A PREMIUM TIMES journalist has been selected alongside 18 other professionals by the U.S. government to participate in its 2017 International Visitors Leadership Programme, IVLP.
The paper’s Business and Economy Editor, Bassey Udo, is the only representative from Nigeria invited to join 18 other participants from 16 African countries selected for the three weeks regional programme between May 14 and June 3 on the theme, “Transparency in Federal, State and Local Governments”.
The IVLP is the US Department of State’s premier professional exchange programme for current and emerging leaders from across the world to visit the U.S. to meet with professional counterparts and visit U.S. public and private sector organisations and places related to their fields of interest.
The programme helps to bridge cultural and political divides and cultivate lasting relationships by connecting current and emerging foreign leaders with their American counterparts.
Mr. Udo, a 2005 Communication Arts graduate from the University of Uyo and a holder of the 1999 Master of International Law & Diplomacy from the University of Lagos, is an award winner for impact investigative journalism.
A co-winner of the 2013 Wole Soyinka Award for Investigative Journalism (Local Government Category), Mr. Udo is an ethical journalist with specialty in reporting the extractive industries, particularly energy, oil & gas, power & steel, mining & solid minerals sectors, apart from reporting finance and economy.
Other participants in the programme include an Assistant Director, Litigation Department, Port of Cotonou, Ibitayo Balley (Benin); Consultant, Link International Consulting, Daniel Edah (Benin); Professor, Law Faculty, University of Ouagadougou, Abdoulaye Soma (Burkina Faso); Chief of Relations with Institutions, COMUC (Coordination des Organisations Musulmanes Centrafricains), Sali Abdoulaziz (Central African Republic); Lawyer, Kinshasa Court of Appeal, Honore Mitshabo (Democratic Republic of Congo); deputy director general, Ivoirian National Police, Elie Pale (Cote d’Ivoire); Judge/Advisor, Cour de Cassation, Sophie Ambounda (Gabon) and Director of the Border & Air Police, National Police, Leyigui Darius, a major (Gabon).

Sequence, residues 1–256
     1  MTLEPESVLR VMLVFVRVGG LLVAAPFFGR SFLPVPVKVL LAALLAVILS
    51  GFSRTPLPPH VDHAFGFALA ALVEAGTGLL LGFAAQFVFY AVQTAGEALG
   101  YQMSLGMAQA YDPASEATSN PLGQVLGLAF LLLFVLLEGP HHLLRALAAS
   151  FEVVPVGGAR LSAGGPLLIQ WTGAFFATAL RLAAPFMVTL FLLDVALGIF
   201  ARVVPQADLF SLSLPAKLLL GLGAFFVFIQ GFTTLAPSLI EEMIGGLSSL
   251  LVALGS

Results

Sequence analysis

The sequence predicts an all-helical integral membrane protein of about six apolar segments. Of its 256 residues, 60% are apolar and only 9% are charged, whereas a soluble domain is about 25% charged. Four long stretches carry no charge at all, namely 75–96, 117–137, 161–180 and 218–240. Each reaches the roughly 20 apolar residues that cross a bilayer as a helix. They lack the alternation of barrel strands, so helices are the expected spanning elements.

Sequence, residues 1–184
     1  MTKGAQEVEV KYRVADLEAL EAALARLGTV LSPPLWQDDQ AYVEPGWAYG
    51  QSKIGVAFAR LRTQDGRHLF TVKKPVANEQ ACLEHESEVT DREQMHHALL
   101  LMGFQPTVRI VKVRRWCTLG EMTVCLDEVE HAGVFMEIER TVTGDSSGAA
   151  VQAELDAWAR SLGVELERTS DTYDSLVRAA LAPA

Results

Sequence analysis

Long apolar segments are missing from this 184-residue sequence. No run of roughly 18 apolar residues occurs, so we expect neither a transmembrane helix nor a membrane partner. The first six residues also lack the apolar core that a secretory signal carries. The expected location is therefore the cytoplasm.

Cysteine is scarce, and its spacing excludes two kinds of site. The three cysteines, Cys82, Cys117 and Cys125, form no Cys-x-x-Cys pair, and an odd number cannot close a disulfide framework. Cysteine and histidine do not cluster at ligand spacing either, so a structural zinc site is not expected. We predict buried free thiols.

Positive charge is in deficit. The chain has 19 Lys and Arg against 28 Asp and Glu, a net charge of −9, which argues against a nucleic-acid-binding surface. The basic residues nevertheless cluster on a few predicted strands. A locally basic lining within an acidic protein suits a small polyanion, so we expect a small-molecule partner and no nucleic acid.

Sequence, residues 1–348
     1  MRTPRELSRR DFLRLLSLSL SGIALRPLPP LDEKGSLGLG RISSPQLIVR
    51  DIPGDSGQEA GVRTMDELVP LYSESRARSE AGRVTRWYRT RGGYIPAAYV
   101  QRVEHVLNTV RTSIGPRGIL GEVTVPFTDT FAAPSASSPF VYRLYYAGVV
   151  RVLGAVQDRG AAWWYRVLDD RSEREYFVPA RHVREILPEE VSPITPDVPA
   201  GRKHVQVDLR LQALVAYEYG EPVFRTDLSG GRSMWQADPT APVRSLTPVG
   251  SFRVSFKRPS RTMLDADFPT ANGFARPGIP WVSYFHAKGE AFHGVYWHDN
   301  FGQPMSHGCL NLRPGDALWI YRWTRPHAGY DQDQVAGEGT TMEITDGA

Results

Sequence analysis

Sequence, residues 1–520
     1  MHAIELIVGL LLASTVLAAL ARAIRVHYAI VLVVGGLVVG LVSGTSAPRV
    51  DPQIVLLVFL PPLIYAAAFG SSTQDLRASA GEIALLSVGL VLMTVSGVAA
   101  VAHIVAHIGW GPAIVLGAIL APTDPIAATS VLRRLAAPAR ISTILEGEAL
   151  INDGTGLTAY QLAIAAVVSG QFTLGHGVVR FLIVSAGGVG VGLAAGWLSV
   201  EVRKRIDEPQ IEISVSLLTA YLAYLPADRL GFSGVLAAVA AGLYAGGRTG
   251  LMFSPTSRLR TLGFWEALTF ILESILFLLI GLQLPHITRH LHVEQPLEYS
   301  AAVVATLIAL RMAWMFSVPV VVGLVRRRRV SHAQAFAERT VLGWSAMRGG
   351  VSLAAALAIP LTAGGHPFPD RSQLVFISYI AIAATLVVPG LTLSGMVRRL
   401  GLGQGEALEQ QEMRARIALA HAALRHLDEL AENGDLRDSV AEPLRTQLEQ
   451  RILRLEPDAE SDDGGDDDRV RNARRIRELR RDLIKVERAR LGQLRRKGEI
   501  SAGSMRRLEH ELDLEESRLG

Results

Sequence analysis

The Programme Officer, Japan International Cooperation Agency, Sylvester Bayowo would be representing Ghana; Legal Advisor, Ministry of Health, Hawa Beavogui (Guinea); Mayor, Mzuzu City Council, William Mkandawire (Malawi); Ombudsman, Office of the Ombudsman of Malawi, Martha Mwagonde (Malawi); Director of Finance, Ministry of Education, Simbo Tounkara (Mali); Expert, Forum Civil, Binette Ndiaye (Senegal); Programme Manager, CARE International, Ahmed More (Somalia); Senior Legal Officer, Financial Services Regulatory Authority, Mhlonishwa Dlamini (Swaziland); Economist, Ministry of Finance,Toure Moroud (Togo) and Program Assistant, Human Rights and Peace Center, Makerere University School of Law, Andrew Karamagi (Uganda).
Details from organisers revealed the programme was designed to afford participants opportunity to examine the historical context of human rights in the U.S., review related contemporary foreign policy issues, and outcomes of adopting the United Nations’ Universal Declaration of Human Rights.
The programme would also help participants examine the organisations that monitor or advocate for international human rights issues; explore the human rights components of U.S. foreign policy and discuss how grassroots organisations seek to influence human rights policy at the international, national, state and local levels.
They would also analyse a variety of human rights concerns related to such issues as disability rights, freedom of press/speech/religion, access to education, and due process.
To realize the cultural objectives of the programme, participants are expected to have informal engagements with Americans during home hospitality and learn about the historical and cultural diversity of the U.S. through city tours and cultural activities in the host communities.
Participants would also engage in a volunteer activity during their stay in Washington DC, to underscore the importance of volunteerism and civic engagement in the U.S.